People resist learning for lots of reasons, but one thing is likely to exacerbate the effect more than anything else: how the teacher, trainer, mentor or facilitator handles their resistance.
As a speaker, trainer and facilitator, there are many challenges I have had to deal with.ï¿½ Here are three I have heard many times:
ï¿½I donï¿½t agree.ï¿½
ï¿½Thatï¿½s not my experience.ï¿½
ï¿½That doesnï¿½t make sense.ï¿½
These are the sort of responses that make speaking and facilitating fun!
ï¿½Well, youï¿½re wrong.ï¿½
ï¿½Your experience is irrelevant.ï¿½
ï¿½Youï¿½re clearly stupid.ï¿½
ï¿½ are the nightmare responses that can not only crush a participantï¿½s spirit, but also encourage even more resistance ï¿½ active or passive ï¿½ from that participant or others.ï¿½ Yet, I am sure I am not the only person to have heard these sort of responses from teachers, trainers, speakers and the like.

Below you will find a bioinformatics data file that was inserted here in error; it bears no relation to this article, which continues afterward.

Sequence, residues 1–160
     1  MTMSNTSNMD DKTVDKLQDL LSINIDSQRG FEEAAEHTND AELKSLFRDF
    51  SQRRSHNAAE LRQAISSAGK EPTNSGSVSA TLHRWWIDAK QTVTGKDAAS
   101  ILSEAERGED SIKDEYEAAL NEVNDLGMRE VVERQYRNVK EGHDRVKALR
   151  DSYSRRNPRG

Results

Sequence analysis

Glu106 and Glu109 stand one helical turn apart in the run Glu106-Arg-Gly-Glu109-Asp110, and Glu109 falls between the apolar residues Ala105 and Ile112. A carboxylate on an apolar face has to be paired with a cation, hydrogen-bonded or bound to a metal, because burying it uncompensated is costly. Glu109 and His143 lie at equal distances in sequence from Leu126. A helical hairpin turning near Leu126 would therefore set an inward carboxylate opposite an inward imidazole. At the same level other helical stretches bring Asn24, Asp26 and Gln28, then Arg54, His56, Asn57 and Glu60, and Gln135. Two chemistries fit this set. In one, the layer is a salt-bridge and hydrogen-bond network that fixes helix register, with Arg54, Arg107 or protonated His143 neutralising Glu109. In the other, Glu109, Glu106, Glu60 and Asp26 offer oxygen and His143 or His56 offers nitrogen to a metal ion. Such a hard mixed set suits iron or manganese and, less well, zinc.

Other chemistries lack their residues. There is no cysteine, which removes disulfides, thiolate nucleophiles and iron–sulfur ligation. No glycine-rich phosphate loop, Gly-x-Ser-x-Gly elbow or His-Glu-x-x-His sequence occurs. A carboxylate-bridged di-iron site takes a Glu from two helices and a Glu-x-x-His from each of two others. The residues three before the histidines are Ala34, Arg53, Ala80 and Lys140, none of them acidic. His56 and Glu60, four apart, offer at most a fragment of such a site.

Instead, use these challenges as a cue to take the learning even deeper.
First, validate the personï¿½s perspective, even when you are certain their conclusion is wrong.ï¿½ Their experience may be based on a misunderstanding or a false perception, but it is their experience.ï¿½ Then open out the dialogue:
ï¿½What is your point of view?ï¿½
ï¿½Tell me about your experience.ï¿½
ï¿½Which part doesnï¿½t make sense?ï¿½
These sort of questions almost entirely preclude resistance, because there is nothing to resist against.ï¿½ Perhaps more important; these questions open a dialogue that can help everybody present ï¿½ including you ï¿½ to better understand the topic.